"I suppose you could say I’m between jobs. As much as I like the comparative freedom, this is not my idea of a career. I also deliver groceries and work in a cinema ticket booth, just to break up the tedium. I forgot I also have a truck license. I studied film at Uni. Gave up the idea of being an actress a long time ago. Writing other people’s lives seemed less a cheap forgery than being in front of a camera. Well, that’s my excuse for what it’s worth."
"What would be easier – writing the lines or being handed a script?"
"Is that a trick question?"
"Not at all. I am not out to deceive."
"Well, for me the writing is easier as I inhabit my own words, whereas the actor pretends at being someone else. I know it’s just dress-ups, but I’d prefer to create an authentic language than just fit the part."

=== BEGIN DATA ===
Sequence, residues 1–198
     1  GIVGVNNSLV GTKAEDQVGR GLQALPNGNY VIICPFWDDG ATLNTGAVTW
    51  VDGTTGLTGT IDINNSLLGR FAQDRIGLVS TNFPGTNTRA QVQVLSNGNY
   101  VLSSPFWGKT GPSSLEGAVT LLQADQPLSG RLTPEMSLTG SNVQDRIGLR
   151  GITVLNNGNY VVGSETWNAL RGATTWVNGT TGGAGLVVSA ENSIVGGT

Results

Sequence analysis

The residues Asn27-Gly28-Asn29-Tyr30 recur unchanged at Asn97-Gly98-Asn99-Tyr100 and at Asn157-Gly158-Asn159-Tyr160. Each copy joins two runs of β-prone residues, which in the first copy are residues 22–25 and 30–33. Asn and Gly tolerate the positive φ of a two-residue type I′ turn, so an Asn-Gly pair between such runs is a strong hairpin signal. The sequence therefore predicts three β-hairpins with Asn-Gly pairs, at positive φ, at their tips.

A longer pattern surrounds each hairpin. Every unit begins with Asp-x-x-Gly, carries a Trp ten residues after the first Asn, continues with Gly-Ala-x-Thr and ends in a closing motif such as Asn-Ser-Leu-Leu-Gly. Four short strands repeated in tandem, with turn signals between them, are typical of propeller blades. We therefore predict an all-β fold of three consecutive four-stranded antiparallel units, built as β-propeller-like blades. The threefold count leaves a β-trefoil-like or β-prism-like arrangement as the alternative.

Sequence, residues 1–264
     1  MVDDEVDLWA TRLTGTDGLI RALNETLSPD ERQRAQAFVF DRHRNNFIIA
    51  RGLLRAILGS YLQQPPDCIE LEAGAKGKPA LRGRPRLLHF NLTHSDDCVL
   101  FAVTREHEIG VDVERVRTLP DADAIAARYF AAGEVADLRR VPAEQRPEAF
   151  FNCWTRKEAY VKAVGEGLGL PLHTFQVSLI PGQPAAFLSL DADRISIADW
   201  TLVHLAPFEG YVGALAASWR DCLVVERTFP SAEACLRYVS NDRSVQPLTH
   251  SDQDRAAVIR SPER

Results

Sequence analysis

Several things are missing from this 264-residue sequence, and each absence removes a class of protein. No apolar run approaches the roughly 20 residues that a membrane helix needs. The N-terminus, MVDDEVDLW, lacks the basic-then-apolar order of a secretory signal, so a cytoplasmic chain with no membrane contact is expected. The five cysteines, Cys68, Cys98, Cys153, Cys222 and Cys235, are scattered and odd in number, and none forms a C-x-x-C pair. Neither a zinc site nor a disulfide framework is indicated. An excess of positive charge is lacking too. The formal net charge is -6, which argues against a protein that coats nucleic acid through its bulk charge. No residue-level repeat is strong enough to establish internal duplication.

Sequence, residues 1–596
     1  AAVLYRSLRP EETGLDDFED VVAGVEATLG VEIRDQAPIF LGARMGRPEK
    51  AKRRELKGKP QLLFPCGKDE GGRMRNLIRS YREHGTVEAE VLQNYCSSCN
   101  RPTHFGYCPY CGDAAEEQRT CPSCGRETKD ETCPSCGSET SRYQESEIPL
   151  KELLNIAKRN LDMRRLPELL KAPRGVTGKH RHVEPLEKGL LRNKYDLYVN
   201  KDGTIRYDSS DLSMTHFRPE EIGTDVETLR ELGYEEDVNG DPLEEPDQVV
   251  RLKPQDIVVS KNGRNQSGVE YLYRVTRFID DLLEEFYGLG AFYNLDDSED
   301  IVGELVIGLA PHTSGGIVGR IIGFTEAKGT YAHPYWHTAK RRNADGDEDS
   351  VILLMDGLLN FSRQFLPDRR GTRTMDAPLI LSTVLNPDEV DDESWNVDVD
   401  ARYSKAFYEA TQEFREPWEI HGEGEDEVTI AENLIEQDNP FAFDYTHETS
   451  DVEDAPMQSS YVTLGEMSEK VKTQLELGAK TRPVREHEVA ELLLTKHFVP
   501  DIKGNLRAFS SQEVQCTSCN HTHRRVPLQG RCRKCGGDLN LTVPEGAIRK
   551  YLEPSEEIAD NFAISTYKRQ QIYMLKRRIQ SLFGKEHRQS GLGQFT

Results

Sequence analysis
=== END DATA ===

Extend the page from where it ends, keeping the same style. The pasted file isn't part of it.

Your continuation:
And what separates the clever from the stupid?
Anita commented as if she had read his mind.
"It’s not always talent, that’s for sure."
The traffic had begun to become noticeably more congested as they approached the outskirts of the metropolitan area, headed for the CBD and Arik’s first appointment.
"Sometimes, it’s just being in the right place at the right time."
Note to self: add ‘being where you are meant to be when you’re meant to be there’ to advice spiel.
"I’m nothing if not punctual. Don’t worry, you won’t be late. Not if I can help it."
Arik suddenly shifted his gaze from the blurring, branded scenery outside to the just visible speedometer on the dash.
What’s the limit in this zone?
"I must say it is hard to gauge how fast we’re travelling. This car is a very smooth ride."
"Cruise control. A cool feature. This car is the future, if you ask me. Not that I’m into cars, but it’s more about being environmentally friendly. Saves on petrol too."